4. Don't discount driving technique as a big factor. Most drivers don't like to hear this, but it's true. I can't tell you the number of times I've been told by a driver, "My M3 pushes like a pig!" But when I get in the car it seems perfectly balanced to me. I'll ask the driver what his previous car was and invariably it was a Camaro, Mustang, Corvette, or other high horsepower RWD car. M3s were not built to handle the same as pony cars and they cannot be driven quickly with the same technique. Slow sweepers in particular need to be entered slowly, under control, and "carved"... not tail-out Dukes Of Hazard style. And the best part -- changing your driving technique doesn't cost you anything!

5. For the best results stick with one tuner. Professional high performance tuners know more than anyone else about how to make your car fast. We work on making cars faster and handle better day in and day out. We know which products perform best together and which ones don't. By mixing and matching products -- usually in an attempt to get the lowest price -- customers often end up with a car that doesn't respond like any of the advertising claims they've been reading. Put a pot pouri of components on your car and you'll likely end up with a mixed bag of results and wasting your money. Different tuners have their areas of expertise and their advice.... spend a little extra, discuss your needs and budget with a professional tuner, and you'll likely get far more value for your money.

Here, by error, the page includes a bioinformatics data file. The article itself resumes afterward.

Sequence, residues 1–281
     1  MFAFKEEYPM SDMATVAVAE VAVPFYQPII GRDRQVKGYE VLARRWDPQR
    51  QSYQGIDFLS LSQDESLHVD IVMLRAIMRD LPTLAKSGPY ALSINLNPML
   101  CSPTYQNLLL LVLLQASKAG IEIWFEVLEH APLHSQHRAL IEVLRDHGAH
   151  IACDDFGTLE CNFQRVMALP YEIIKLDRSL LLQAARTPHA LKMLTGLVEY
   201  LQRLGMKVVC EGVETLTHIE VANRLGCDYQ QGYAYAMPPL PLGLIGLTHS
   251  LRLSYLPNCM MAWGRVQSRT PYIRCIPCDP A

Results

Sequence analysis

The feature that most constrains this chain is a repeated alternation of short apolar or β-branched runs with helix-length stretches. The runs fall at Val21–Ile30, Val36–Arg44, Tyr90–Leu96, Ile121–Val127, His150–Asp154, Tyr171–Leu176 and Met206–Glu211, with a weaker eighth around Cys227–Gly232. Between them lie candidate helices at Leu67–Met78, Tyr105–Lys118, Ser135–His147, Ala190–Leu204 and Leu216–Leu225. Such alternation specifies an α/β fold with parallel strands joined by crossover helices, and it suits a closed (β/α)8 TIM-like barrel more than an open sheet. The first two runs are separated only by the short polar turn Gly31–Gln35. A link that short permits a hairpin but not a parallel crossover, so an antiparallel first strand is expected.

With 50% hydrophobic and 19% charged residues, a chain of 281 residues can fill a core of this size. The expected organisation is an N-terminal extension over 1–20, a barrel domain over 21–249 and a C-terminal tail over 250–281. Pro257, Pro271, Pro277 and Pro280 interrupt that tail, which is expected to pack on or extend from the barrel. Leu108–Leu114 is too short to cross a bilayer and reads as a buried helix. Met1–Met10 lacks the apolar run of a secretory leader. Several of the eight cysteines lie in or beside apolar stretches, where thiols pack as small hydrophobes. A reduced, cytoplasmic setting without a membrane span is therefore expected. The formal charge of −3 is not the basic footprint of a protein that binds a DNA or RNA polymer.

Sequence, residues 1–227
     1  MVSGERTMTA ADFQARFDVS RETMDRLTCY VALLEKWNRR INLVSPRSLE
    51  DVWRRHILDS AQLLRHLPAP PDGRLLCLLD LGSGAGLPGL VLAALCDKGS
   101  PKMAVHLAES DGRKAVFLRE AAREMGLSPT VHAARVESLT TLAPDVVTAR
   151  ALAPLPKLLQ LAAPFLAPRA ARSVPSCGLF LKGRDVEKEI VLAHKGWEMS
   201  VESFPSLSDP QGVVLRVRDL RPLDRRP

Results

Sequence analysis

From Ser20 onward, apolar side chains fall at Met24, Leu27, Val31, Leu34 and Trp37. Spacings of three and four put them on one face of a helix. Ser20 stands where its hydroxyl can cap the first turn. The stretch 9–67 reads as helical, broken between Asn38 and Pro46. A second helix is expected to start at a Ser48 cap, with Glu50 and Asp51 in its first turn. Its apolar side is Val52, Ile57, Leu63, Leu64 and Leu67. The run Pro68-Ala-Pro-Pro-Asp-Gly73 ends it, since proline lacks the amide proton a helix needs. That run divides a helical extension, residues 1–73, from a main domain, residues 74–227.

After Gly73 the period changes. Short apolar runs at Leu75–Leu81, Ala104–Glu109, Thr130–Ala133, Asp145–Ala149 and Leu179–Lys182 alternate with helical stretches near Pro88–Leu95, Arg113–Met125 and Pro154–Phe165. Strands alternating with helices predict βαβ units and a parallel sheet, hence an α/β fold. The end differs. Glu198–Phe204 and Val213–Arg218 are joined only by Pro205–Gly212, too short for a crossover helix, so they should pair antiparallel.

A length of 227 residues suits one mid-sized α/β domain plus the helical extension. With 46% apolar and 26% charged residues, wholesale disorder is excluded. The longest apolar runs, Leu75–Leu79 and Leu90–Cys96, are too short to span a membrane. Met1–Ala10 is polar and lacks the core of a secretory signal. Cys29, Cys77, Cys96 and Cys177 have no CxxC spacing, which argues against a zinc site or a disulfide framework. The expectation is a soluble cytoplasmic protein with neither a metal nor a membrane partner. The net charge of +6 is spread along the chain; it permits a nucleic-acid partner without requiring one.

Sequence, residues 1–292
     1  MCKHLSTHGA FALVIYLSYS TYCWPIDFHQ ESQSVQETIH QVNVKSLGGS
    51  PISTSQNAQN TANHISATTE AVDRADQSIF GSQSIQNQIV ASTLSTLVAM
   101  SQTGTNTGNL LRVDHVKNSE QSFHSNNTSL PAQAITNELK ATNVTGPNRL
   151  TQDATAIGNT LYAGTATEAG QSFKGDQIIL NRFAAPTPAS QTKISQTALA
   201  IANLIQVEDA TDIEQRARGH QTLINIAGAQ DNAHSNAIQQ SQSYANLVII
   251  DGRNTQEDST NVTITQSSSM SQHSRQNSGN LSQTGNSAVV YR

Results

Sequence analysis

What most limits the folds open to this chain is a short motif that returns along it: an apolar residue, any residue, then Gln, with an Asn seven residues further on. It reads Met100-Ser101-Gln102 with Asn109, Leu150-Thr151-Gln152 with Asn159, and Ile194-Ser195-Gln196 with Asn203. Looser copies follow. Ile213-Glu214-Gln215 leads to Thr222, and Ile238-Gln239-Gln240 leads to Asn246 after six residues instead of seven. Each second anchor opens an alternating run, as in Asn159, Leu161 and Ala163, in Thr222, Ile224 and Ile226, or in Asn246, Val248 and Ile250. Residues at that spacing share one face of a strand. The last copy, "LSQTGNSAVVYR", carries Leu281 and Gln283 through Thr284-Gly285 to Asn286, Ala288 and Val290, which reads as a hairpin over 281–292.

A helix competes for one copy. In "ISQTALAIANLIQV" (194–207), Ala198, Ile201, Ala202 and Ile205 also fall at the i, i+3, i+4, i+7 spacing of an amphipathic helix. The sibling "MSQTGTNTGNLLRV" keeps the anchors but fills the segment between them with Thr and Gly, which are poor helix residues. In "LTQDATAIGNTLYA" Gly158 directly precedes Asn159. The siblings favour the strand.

6. "Compromise cars" will not do everything well. I am frequently asked how to set up a car that will be good on the track, but still plenty comfortable to drive on the street. Not everyone can afford to own enough cars to have one for a commuter, one for autocrossing, one for road racing, one for rallying, and another for concourse events. Most of us are forced to live with compromises... one, or maybe two, cars that have to perform a variety of functions. When asking a tuner for advice on how to set up your car, you must first determine in your own mind what compromises you'll be able to live with and be certain to communicate your needs. If winning autocrosses is more important than having a luxurious ride during your 5-minute commute, chances are you'll be happy having your car set up more for performance. But if you drive an hour to work over frost heaves and tar strips, you probably should set up your car more for comfort and leave the WRC Championship for another time. BMWs are amazing cars and can do a lot of things well, but don't expect a tuner to do the impossible.